Little old man with big ideas

There used to be a little old man that lived at the top of my street. His front of house filled with home grown edibles. Every inch of space was filled with some sort of recyled object that in turn had been filled with soil and had something growing in it. Australia Post mail tubs housed capsicum plants lining his brick wall. His footpath grass not present but instead a lemon tree surrounded by a seasonal selection of leafy greens. Every space possible was used for something to grow in. Recycled rusty tin drums were home to chillis and a worn out old metal box his compost. Every time we would past he would be either tending his loved plants, basking in the sun with his head tilted on his verandah (the tiny space that was still free for 1 chair) or waiting by the footpath for someone to come past, so that he could chat to them.

A greek immigrant he had been in the country for 60 years he proudly told me one day. 94 years old, not a speck over 5 foot and he still loved to garden. With his clothing that didn’t look like it had had a wash for quite some time, gnarled old fingers that hadn’t been washed for quite some time as well and dentures that kept popping out of his mouth. He wasn’t the usual kind of neighbour that a lot of people had.

He liked to stop me, and offer water cress freshly plucked from the side of the footpath, and then happily munch on it, until his mouth gave up with trying to masticate the trying greenery with those popping dentures, then he would spit it out enthusiastically towards the general direction of his compost.

Now why am I telling you stories of an eccentric little old man? Because that little old man had big ideas. Simple ideas, that have pestered me ever since he voiced them to me. Why (as he pointed to the multi level apartments located near him) do they not have a communal garden in there? Why do they not have a simple lemon tree? Everyone could be using all the things that they grow within their small shared space. Even a little lemon tree makes a difference. We eat everything I grow. So simple…

Why indeed my little old man… Living in a big city, I see building happening all around me all the time. Quaint historic houses making way for multi story apartment blocks. Beautiful 3 bedroom houses with one bathroom, making way for 2/3 bedroom, 3 bathroom multiple level apartments. I understand the need for more accommodation in big cities, what I don’t understand is why these changes can’t be made more sustainable. Sure they don’t have to be using any recycled object within its path to be made into a growing pot. But surely these newly built places could accommodate a food growing area, that can be easily watered by nearby water tank, and then utilised by the people living there.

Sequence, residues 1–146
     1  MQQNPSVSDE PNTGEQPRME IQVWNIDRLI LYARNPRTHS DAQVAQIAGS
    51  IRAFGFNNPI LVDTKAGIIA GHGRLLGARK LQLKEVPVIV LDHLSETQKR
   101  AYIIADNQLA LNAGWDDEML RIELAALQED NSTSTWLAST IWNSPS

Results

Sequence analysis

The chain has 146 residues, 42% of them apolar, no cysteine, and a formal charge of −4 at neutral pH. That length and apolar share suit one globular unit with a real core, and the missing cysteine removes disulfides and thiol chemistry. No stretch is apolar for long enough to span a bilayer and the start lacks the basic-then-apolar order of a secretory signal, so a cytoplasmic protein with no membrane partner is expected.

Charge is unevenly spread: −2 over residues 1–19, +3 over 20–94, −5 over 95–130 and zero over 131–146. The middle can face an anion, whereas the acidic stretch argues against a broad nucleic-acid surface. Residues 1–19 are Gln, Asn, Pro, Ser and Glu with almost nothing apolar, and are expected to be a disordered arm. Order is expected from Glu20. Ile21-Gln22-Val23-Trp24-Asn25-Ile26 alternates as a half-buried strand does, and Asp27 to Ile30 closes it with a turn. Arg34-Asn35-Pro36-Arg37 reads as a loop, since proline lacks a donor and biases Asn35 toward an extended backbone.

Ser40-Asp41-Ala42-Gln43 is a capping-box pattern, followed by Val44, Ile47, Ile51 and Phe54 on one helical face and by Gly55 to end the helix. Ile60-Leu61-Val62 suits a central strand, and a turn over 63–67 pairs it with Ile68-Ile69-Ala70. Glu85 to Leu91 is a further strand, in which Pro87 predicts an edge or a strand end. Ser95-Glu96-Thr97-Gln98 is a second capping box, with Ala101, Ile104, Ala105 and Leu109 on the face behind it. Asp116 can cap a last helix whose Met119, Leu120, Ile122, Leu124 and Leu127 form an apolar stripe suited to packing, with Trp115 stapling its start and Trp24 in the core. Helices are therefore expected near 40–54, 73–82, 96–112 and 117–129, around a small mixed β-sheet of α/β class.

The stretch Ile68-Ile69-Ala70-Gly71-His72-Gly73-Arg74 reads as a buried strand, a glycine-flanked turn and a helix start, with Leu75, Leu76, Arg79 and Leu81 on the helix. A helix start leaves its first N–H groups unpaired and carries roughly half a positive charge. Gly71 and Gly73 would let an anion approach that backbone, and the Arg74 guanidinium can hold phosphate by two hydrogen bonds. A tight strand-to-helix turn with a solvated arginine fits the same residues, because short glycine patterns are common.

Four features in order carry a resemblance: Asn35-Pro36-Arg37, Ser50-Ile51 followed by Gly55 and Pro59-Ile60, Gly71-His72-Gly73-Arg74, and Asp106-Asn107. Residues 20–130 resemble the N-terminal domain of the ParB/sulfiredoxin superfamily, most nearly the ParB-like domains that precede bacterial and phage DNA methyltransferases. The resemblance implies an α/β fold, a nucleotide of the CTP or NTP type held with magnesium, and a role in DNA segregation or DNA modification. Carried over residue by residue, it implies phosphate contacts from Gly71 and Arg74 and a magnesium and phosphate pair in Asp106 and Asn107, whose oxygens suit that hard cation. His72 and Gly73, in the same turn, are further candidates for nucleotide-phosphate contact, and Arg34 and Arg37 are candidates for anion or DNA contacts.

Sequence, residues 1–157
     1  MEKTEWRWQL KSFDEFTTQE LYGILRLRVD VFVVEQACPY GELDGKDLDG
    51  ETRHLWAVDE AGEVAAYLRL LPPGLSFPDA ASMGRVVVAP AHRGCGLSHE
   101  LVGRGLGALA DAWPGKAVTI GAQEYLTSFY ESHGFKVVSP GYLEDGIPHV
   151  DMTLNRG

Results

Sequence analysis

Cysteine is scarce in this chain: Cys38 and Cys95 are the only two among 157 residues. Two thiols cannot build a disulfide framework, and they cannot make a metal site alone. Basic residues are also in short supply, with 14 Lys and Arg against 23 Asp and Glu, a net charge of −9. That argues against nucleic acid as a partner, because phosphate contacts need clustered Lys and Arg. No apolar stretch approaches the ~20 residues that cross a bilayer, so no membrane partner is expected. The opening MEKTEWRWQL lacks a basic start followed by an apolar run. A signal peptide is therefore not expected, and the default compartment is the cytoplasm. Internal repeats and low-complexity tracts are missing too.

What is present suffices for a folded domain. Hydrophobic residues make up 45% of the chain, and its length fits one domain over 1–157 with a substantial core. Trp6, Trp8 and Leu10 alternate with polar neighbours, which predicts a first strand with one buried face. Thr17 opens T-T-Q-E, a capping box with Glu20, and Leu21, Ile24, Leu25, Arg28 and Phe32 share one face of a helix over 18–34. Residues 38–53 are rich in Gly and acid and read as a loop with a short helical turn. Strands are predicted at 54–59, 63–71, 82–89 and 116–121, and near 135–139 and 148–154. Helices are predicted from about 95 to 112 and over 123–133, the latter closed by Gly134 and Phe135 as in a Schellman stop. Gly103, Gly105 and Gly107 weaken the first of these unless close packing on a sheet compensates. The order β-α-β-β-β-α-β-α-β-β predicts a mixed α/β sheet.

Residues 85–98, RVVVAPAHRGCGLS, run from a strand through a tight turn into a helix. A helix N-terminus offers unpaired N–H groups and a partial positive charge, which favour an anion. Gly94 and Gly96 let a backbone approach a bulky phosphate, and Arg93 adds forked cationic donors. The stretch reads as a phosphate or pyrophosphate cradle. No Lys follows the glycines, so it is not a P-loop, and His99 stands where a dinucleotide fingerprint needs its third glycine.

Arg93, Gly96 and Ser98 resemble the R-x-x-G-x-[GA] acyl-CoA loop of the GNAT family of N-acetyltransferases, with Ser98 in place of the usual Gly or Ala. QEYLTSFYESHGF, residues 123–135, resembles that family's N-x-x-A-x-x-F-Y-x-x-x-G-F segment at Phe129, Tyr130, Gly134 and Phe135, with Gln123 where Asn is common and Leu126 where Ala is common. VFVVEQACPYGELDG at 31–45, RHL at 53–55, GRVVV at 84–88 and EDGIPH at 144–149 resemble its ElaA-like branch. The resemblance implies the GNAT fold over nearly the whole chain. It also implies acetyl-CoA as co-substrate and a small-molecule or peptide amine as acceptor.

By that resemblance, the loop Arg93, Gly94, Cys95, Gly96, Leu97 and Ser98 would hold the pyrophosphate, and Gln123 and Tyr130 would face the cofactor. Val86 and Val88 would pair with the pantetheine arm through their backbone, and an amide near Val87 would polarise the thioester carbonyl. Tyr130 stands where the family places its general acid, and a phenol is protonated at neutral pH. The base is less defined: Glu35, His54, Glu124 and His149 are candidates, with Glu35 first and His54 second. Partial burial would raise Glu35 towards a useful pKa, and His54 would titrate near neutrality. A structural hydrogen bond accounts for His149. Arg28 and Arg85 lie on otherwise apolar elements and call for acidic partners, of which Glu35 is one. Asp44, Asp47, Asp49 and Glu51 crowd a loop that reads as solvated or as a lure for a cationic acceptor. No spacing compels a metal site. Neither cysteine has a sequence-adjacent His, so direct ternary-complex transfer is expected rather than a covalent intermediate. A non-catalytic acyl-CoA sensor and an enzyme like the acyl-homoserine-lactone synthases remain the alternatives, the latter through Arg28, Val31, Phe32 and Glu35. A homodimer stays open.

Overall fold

But who will look after it, we don’t have time?… Usually these big blocks, (or even smaller blocks of only 4) will have a body corporate or an outside designated company that organises all maintenance of the outside areas. This garden area could easily be maintained by the same people surely? Or a rotating roster of people within the complex that would be more than willing to look after the gardens. So many people would like to dig their fingers into dirt and don’t get the opportunities due to city living constraints.

But there isn’t room on the ground for these garden areas? We need carparking!… It doesn’t need to be on the ground, there is a perfectly good rooftops with ample sunlight just begging  for a little urban edible gardening. Roof top gardens can be easily built on flat roofs or a low pitch roof, and have many added benefits besides providing food to tennants.

Erd House (below) is located in Switzerland, not really a city living dwelling but still magnificent, and I wanted to sneak it in.

erd house by Swiss architect Peter Vetsch

In the pipelines there is also Sydney City Farm. Still waiting approval at this stage….

Simple things like these roof top gardens, or shared edible gardening spaces within apartment living could have such a dramatic and positive influence on our environment and city living peoples lives. So many countries and people have embraced this way of living around the world. It would be so wonderful though, to be able to walk around my neighbourhood and see more examples of this happening…

A good place to start if you are interested in more information is here.


27 thoughts on “Little old man with big ideas